What are the Squirrel Team Sessions all about?
The first Team Session was all about bringing together our friends – who also were instrumental in providing feedback on early wingsuit prototypes – and flying with them in the mountains. The concept is simple: fly together, learn, progress, enjoy. We look forward to many more editions in the future, all over the world, and we also plan to host events which will be open to all interested wingsuit pilots.
What other reinvestments by Squirrel will we see?
We spend basically all of our money on prototypes, and testing them. We don’t publicize this process but you can see us in the middle of it at dropzones and cliffs around the world; recently we have been at Kapowsin, Sebastian, Ogden, Bex, Chamonix, Lauterbrunnen, Perris, etc.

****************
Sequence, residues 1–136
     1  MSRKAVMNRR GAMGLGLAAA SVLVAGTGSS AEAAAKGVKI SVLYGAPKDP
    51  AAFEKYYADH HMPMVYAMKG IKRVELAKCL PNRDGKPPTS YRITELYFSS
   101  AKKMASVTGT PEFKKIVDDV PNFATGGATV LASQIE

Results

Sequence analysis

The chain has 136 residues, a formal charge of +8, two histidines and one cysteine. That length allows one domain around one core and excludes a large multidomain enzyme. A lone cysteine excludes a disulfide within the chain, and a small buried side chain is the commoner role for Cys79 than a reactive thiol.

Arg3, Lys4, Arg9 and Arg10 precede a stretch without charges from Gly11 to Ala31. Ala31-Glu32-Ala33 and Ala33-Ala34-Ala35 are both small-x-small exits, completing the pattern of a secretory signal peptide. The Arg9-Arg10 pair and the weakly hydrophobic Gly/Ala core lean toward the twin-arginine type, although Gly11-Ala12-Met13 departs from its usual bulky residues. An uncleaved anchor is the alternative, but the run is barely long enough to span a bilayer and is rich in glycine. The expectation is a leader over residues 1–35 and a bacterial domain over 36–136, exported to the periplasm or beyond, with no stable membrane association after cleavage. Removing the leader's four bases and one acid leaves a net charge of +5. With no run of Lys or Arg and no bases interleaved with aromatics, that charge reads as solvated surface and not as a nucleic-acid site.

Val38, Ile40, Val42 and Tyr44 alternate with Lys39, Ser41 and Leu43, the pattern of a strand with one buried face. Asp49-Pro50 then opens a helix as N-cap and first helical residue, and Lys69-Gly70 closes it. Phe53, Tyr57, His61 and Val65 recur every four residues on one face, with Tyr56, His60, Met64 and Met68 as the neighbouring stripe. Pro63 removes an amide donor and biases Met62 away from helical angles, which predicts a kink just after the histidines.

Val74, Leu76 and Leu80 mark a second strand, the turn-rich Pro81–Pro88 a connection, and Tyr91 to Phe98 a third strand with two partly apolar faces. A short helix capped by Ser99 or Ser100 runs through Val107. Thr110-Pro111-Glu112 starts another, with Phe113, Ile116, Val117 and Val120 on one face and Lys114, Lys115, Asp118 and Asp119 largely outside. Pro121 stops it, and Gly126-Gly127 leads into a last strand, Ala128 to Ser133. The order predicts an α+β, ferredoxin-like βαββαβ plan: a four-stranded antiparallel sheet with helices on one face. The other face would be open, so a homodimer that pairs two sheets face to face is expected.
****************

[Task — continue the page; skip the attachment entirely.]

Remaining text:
How have wingsuits changed BASE & what will we see next?
That’s a topic for a book, not a part of an interview, but the future is bright. We are constantly working on small but significant improvements to all of our range, and we are learning new things daily. It’s incredibly complex, but there is a lot that we can do to improve comfort and performance. All of our new ideas need to be tested thoroughly, and that is very time consuming… but our main focus is improving performance without sacrificing comfort and safety. We are always looking for what we refer to as ‘free’ performance upgrades – increases that do not come at the expense of comfort or ease of use. The easiest way to improve performance in a wingsuit is to make it bigger, but that’s not the smartest, safest or most comfortable improvement. So we are looking for other ways to increase lift and decrease drag, without just making the suit bigger.